$290 million lawsuit against Freedom Convoy participants designed to silence expression

Lawyers on behalf of Chris Barber, Tamara Lich, and other Freedom Convoy participants argue that the $290 million class action against them is designed to silence their expression–expression the public had an interest in hearing [Image by Dave Chan/AFP via Getty Images]

OTTAWA, ON: The Justice Centre announces that lawyers representing Tamara Lich, Chris Barber and other defendants against a class-action lawsuit brought by Zexi Li and other Ottawa residents will be in court this Thursday, December 14, 2023. Tamara Lich and the other defendants have filed an application to dismiss Zexi Li’s $290 million class action as a Strategic Lawsuit Against Public Participation (SLAPP)–a lawsuit designed to silence the expression of peaceful protesters.

In February 2022, Ottawa residents Zexi Li and Geoffrey Delaney, Happy Goat Coffee Company, and a local union commenced a $290 million class-action lawsuit against Chris Barber, Tamara Lich, and other Freedom Convoy participants, seeking damages against peaceful protesters for allegedly causing a nuisance. This lawsuit also seeks damages from citizens who donated to the peaceful protest.

Anti-SLAPP legislation serves to protect defendants against “Strategic Lawsuits Against Public Participation” (SLAPP)–lawsuits designed to silence a defendant’s freedom of expression through threats of damages or costs. Anti-SLAPP motions are designed to end such lawsuits and are available to a defendant in any proceeding against them. Once an anti-SLAPP motion has been filed, the defendant must demonstrate that the proceeding against them arises from their expression that “relates to a matter of public interest.” If the defendant can demonstrate that their expression does relate to a matter of public interest, the plaintiff must then demonstrate that their lawsuit has “substantial merit” and that the defendant has no valid defence. A judge must then weigh the importance of the expression at stake against the importance of the plaintiff’s allegations of harm.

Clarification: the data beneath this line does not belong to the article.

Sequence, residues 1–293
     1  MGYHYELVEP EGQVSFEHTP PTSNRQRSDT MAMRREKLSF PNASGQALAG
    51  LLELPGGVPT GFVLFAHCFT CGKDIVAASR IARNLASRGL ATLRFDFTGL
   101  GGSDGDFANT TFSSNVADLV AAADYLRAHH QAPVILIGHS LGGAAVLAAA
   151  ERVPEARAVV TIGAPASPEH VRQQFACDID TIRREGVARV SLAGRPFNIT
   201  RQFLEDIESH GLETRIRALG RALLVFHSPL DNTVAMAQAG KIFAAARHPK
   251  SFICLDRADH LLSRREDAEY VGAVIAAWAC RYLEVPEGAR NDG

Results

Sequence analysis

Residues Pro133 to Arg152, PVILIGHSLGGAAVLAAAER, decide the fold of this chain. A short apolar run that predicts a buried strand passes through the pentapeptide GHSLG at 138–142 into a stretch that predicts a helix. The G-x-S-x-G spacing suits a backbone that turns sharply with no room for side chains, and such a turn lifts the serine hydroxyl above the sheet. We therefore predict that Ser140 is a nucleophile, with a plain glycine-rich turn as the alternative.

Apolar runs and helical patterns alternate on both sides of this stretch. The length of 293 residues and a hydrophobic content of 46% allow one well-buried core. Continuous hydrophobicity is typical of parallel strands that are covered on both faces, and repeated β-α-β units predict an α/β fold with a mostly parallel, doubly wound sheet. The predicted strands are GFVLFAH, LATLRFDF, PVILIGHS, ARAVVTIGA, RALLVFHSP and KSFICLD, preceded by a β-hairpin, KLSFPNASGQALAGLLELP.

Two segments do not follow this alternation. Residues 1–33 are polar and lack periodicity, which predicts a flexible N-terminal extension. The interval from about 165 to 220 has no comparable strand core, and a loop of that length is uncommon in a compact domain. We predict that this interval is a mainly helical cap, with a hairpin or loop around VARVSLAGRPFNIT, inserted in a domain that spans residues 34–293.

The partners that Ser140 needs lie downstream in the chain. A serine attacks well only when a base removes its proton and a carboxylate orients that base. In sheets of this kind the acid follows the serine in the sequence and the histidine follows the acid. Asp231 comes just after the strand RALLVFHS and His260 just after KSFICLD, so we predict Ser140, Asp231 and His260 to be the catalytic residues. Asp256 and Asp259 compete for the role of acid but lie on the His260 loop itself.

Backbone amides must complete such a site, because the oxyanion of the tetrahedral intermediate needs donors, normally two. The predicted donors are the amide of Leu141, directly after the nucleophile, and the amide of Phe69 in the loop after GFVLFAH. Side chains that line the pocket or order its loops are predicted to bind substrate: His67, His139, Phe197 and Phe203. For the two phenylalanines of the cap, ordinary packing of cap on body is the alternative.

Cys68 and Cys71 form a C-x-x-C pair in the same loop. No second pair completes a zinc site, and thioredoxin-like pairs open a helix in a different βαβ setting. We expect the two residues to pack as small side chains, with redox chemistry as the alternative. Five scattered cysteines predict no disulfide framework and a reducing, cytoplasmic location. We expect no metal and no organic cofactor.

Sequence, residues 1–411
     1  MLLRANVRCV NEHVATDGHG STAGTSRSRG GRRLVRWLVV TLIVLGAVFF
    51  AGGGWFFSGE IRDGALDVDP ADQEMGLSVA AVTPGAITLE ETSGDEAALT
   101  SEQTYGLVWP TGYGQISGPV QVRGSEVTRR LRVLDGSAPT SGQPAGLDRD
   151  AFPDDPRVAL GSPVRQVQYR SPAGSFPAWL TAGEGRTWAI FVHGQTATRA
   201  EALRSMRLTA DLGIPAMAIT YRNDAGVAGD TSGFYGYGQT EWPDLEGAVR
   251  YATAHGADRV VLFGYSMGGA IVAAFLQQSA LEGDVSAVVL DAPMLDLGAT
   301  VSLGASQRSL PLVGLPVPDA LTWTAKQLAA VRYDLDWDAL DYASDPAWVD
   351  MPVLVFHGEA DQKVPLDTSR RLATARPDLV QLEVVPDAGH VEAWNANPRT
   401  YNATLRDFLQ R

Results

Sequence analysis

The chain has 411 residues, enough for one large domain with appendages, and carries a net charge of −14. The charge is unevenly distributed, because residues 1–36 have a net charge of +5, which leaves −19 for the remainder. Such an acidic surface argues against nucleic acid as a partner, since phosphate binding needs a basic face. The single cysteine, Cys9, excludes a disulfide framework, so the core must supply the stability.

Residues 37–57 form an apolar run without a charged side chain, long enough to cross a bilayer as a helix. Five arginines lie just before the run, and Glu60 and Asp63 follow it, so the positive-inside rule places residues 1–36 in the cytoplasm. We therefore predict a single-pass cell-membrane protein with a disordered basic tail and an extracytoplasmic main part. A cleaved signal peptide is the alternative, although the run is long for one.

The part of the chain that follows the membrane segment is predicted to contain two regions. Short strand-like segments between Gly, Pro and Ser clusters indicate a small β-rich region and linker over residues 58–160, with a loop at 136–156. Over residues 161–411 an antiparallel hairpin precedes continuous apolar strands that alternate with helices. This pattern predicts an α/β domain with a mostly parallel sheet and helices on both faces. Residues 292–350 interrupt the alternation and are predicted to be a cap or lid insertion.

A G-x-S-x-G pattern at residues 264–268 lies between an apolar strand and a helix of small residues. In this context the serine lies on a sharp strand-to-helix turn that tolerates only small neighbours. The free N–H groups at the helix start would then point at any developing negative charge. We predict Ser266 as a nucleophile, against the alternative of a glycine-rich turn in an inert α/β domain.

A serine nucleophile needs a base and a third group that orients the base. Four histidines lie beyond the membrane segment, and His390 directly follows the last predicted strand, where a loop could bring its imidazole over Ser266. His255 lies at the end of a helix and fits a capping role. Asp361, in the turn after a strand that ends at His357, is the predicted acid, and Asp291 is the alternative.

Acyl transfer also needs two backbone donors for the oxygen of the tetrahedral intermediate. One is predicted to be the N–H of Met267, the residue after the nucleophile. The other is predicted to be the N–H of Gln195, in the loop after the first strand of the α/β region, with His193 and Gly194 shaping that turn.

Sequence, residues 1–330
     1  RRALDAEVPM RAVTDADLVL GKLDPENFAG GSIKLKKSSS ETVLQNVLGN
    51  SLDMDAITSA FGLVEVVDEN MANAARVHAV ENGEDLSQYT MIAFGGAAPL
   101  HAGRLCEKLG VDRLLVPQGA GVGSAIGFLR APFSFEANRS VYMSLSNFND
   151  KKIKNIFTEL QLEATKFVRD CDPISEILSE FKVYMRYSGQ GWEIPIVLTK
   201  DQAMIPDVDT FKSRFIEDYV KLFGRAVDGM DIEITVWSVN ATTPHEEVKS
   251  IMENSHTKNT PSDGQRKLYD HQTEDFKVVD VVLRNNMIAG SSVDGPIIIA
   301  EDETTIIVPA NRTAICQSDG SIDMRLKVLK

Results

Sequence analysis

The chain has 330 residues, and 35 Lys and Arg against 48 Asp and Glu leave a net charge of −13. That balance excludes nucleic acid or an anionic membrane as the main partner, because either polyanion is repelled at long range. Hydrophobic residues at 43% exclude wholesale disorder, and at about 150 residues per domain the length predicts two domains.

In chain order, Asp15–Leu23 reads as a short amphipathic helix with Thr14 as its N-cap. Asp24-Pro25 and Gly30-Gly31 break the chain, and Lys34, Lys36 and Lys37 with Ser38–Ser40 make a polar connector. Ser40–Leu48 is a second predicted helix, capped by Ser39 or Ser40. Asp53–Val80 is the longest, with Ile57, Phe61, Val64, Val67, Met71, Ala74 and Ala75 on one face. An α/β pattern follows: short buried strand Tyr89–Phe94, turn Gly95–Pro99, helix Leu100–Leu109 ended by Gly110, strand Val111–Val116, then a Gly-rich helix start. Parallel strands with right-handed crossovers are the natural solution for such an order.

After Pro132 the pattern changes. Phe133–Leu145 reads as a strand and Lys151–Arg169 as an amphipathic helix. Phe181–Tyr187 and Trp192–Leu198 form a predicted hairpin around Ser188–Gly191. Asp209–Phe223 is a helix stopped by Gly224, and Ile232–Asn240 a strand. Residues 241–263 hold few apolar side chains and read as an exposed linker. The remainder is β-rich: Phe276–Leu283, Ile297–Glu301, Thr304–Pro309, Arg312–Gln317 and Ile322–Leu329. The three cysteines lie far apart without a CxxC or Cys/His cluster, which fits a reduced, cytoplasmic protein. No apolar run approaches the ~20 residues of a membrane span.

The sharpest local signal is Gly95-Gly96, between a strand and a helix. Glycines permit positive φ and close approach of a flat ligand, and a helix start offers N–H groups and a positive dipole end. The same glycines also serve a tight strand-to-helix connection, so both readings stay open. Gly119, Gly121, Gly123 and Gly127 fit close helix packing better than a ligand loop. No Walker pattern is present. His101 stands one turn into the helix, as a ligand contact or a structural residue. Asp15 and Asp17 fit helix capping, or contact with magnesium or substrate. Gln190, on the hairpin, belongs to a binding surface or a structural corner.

Lawyers in the Justice Centre network argue that the proceedings against Tamara Lich, Chris Barber and others do, in fact, arise from their expression. Donating to and participating in the Freedom Convoy amounted to an expression of support for the protest, and of disagreement with the Government of Canada’s response to Covid–matters of public interest. Further, lawyers argue that Zexi Li’s class-action lawsuit contains factual and legal weaknesses; it is not obvious that the proceeding against the defendants has “substantial merit.” Finally, lawyers argue that the defendants do have valid defences and that the value of the expression at issue outweighs the allegations of nuisance against them.

On Thursday, December 14, 2023, the parties will proceed to oral argument at the Ontario Superior Court of Justice, arguing that the plaintiffs’ entire class-action lawsuit is, in fact, a SLAPP action disguised as a nuisance claim and that the lawsuit is merely intended to punish the defendants for participating in the 2022 Freedom Convoy protest. If successful, all or part of the class-action lawsuit will be dismissed.

Lawyer James Manson stated, “Zexi Li’s lawsuit engages the very purpose that ‘anti-SLAPP’ legislation was designed to address: an attempt to silence peaceful expression, and the right of defendants to participate in public debate.”

John Carpay, President of the Justice Centre, stated “The fundamental Charter freedoms of expression, association and peaceful assembly must be vigorously protected and defended, whether they are attacked directly by government or indirectly through a misguided civil action.”

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